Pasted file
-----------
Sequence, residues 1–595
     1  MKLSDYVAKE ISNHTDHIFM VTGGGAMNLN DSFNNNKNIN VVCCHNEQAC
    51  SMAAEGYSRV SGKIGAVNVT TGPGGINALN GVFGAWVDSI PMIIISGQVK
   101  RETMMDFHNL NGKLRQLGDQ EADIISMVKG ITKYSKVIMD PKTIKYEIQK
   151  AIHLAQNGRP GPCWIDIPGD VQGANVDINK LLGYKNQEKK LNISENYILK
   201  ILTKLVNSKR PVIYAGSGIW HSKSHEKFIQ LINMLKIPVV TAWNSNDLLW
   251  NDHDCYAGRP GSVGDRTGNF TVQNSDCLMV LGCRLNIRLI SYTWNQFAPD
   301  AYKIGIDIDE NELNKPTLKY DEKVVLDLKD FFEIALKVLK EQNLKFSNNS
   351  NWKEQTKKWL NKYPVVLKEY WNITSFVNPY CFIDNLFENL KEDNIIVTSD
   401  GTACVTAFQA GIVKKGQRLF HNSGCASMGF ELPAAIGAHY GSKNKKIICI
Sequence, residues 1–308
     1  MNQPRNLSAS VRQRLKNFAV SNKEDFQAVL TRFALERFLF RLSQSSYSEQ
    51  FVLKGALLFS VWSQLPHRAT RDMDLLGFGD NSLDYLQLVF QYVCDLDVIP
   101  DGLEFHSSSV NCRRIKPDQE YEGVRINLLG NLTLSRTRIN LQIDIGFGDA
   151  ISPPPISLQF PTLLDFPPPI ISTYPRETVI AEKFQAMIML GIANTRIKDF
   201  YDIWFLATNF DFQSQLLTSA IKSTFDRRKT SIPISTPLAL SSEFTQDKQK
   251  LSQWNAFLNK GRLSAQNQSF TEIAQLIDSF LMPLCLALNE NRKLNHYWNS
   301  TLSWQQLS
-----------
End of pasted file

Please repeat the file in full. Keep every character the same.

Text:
Sequence, residues 1–595
     1  MKLSDYVAKE ISNHTDHIFM VTGGGAMNLN DSFNNNKNIN VVCCHNEQAC
    51  SMAAEGYSRV SGKIGAVNVT TGPGGINALN GVFGAWVDSI PMIIISGQVK
   101  RETMMDFHNL NGKLRQLGDQ EADIISMVKG ITKYSKVIMD PKTIKYEIQK
   151  AIHLAQNGRP GPCWIDIPGD VQGANVDINK LLGYKNQEKK LNISENYILK
   201  ILTKLVNSKR PVIYAGSGIW HSKSHEKFIQ LINMLKIPVV TAWNSNDLLW
   251  NDHDCYAGRP GSVGDRTGNF TVQNSDCLMV LGCRLNIRLI SYTWNQFAPD
   301  AYKIGIDIDE NELNKPTLKY DEKVVLDLKD FFEIALKVLK EQNLKFSNNS
   351  NWKEQTKKWL NKYPVVLKEY WNITSFVNPY CFIDNLFENL KEDNIIVTSD
   401  GTACVTAFQA GIVKKGQRLF HNSGCASMGF ELPAAIGAHY GSKNKKIICI
Sequence, residues 1–308
     1  MNQPRNLSAS VRQRLKNFAV SNKEDFQAVL TRFALERFLF RLSQSSYSEQ
    51  FVLKGALLFS VWSQLPHRAT RDMDLLGFGD NSLDYLQLVF QYVCDLDVIP
   101  DGLEFHSSSV NCRRIKPDQE YEGVRINLLG NLTLSRTRIN LQIDIGFGDA
   151  ISPPPISLQF PTLLDFPPPI ISTYPRETVI AEKFQAMIML GIANTRIKDF
   201  YDIWFLATNF DFQSQLLTSA IKSTFDRRKT SIPISTPLAL SSEFTQDKQK
   251  LSQWNAFLNK GRLSAQNQSF TEIAQLIDSF LMPLCLALNE NRKLNHYWNS
   301  TLSWQQLS